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If you want funny rage, play Angry Birds


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So, what's the key ingredient that defines a "winning!" TV sitcom?

A bankable star? A believable premise? A solid supporting cast? Huge ratings success and the financial windfall that follows? A lengthy prime-time run?

Or something as simple as just being a funny show?

As far as Charlie Sheen's latest comedy effort, Anger Management, is concerned, Canadian viewers will get to decide for themselves this weekend when CTV -- rights-holders to the made-for-U.S.-cable comedy -- serves up a sneak preview of the show in the coveted slot after Sunday afternoon's Olympics closing ceremony (approximate airtime is 6 p.m.).

The FX series, which will have its official Canadian première on Sept. 11 on CTV, is a bit like Sheen's previous sitcom, CBS's enormously successful Two and a Half Men, in that it seeks to capitalize on its star's off-screen antics and reputation by having Sheen play a character that isn't all that far removed from his real-life self.

In this case, he's cast as Charlie Goodson, a former pro baseball player whose career was cut short by an anger-driven self-inflicted injury (his raging attempt to break a bat in half resulted in a torn-up knee). Robbed (by his own stupidity) of his athletic aspirations, he went back to school and became a therapist specializing in anger-management issues.

That's the framework; the rest -- like Two and a Half Men -- is pretty much standard sitcom-blueprint execution.

The series première opens with Sheen, as Goodson, taking a not-so-subtle shot at his former real-life employers. Staring straight into the camera, he seethes, "You can't fire me -- I quit! Think you can replace me with another guy? Go ahead -- it won't be the same. You may think I'm losing, but I'm not -- I'm..." and then the camera pulls back to reveal that therapist Charlie is showing his court-ordered clients an effective way of using an punching-bag dummy to relieve stress.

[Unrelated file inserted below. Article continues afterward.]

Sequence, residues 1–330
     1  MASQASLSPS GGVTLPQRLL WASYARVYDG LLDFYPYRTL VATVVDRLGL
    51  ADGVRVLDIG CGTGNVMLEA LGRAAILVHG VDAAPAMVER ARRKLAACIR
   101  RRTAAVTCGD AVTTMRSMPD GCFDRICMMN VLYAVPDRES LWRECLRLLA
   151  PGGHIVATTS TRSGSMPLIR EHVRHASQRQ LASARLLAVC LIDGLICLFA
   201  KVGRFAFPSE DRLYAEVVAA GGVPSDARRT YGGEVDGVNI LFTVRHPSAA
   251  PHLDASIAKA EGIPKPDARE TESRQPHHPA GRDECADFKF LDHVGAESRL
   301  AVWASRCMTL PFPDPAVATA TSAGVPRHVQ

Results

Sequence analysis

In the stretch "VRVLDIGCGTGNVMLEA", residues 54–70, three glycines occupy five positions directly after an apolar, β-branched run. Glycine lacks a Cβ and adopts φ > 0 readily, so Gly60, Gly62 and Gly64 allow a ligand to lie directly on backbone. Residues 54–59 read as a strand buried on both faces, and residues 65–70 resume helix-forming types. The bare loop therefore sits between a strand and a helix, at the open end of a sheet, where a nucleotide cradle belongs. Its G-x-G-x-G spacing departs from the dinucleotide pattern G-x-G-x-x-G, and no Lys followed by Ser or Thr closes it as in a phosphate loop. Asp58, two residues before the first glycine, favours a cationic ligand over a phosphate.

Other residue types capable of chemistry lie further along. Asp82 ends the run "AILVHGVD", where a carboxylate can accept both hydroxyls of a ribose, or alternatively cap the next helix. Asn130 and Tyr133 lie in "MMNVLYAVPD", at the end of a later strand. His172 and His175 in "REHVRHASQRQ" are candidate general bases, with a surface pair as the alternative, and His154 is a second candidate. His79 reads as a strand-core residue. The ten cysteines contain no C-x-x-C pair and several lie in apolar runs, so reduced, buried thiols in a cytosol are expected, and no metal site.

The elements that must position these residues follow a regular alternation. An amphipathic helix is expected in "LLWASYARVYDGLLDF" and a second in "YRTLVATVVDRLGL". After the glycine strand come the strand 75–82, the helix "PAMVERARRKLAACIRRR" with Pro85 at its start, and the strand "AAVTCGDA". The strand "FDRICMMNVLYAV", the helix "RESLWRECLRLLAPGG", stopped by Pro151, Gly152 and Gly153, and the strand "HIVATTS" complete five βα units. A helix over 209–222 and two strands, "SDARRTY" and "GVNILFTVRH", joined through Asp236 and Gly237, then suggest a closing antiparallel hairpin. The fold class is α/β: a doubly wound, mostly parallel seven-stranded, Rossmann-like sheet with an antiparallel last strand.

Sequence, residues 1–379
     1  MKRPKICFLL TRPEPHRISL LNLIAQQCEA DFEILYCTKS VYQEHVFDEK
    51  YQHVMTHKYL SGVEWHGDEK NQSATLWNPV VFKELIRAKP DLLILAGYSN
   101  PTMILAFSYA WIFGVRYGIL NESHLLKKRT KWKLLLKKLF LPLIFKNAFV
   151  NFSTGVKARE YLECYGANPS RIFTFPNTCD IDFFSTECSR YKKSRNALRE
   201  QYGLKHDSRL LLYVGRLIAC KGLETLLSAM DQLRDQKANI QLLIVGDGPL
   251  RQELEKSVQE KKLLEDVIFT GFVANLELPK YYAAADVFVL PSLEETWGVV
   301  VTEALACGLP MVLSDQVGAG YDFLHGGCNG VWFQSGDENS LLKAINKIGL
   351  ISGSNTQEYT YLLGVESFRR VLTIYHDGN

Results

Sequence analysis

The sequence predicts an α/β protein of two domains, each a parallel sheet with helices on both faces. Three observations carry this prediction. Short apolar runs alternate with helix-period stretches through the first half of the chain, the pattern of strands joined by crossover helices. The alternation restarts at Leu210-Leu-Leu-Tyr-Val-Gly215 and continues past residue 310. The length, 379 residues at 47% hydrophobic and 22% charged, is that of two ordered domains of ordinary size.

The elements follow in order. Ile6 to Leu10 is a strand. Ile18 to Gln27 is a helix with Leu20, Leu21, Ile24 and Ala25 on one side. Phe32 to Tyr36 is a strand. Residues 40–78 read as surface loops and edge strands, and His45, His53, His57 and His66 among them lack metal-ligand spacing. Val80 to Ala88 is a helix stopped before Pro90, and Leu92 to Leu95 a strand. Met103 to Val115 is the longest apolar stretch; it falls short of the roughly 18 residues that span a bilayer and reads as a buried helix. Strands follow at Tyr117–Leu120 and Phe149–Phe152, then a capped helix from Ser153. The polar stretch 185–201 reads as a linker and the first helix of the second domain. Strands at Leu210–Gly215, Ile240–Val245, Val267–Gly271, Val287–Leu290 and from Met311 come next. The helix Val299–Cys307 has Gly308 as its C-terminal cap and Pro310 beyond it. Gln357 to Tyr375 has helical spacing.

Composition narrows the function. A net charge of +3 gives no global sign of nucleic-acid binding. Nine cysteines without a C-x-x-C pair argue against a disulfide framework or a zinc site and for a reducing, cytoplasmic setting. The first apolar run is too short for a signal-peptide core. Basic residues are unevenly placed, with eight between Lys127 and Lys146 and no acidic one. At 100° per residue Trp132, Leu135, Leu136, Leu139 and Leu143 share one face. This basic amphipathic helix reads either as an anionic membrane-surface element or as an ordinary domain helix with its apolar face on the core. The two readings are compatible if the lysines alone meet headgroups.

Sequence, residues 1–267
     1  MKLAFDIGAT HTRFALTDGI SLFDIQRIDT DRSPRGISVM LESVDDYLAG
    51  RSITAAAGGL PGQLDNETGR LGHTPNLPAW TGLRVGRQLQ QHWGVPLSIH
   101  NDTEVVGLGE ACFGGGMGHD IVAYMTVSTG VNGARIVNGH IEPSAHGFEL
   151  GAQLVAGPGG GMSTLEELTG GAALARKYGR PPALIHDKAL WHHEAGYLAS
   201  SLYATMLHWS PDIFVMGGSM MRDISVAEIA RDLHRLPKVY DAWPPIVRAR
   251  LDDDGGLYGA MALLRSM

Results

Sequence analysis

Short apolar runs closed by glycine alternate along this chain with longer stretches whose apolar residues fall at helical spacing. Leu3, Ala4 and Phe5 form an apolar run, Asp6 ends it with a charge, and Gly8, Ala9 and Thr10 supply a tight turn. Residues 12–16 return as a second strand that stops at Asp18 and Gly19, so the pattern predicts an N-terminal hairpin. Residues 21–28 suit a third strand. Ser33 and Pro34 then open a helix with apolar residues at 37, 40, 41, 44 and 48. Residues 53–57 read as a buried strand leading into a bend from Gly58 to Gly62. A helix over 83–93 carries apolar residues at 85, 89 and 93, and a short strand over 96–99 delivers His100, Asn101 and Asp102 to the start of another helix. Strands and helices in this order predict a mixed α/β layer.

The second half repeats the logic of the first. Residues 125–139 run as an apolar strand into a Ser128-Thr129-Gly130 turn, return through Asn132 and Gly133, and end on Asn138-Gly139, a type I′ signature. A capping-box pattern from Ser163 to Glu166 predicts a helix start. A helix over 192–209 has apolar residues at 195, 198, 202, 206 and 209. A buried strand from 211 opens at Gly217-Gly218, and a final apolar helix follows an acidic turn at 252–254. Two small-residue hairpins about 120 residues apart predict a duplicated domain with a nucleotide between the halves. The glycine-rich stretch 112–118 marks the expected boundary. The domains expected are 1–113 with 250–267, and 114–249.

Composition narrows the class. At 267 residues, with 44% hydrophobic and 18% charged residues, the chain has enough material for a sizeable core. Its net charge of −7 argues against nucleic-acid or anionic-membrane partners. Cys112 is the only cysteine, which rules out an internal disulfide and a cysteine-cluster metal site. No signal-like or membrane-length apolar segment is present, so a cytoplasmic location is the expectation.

Cue the laugh track, for the first of many, many overwrought times.

Charlie -- hardly surprisingly, in sitcom-premise terms -- turns out to be a therapist who probably needs help even more than his clients do. He's having issues with his teenage daughter, with his ex-wife, and with his ex-wife's new boyfriend, whom he believes could be a bad influence on his impressionable adolescent young'un.

And when a discussion about the merits of a college education gets heated, Charlie picks up a lamp with the intention of whacking Mr. Slacker New Boyfriend in the head with it. He stops himself, but realizes he'd better get help before he loses it completely.

Unfortunately for Charlie (but conveniently for the writers' room), the only therapist he trusts with his deepest secrets is his best pal, Kate (Selma Blair), with whom he's also carrying on a rather frisky friends-with-benefits relationship.

And she's one of those annoyingly ethical types who believes it's unacceptable for therapists to sleep with their patients, so Charlie's forced to decide whether it's his head or a more southerly destination that she's going to treat.

It's all very, well, predictable. And not particularly hilarious, though you'd never know that from the volume and frequency of the laugh-track insertions.

Sheen is what he has always been, in TV-comedy terms -- a guy who can hit his marks and deliver his lines in an efficient if somewhat effort-restrained manner. The supporting cast is able, but there's no one in Charlie's collection of lovably loony clients that could match neuroses with the memorable bunch from The Bob Newhart Show.

Anger Management is an average, sort-of-OK, occasionally amusing comedy that would likely have attracted very little attention if its star hadn't experienced a headline-grabbing personal and professional meltdown last year.

That fact that it's on TV at all must rank as some kind of victory for Sheen, but it'd be a stretch to call his sitcom return a winner. Twitter: @BradOswald

Republished from the Winnipeg Free Press print edition August 11, 2012 G6

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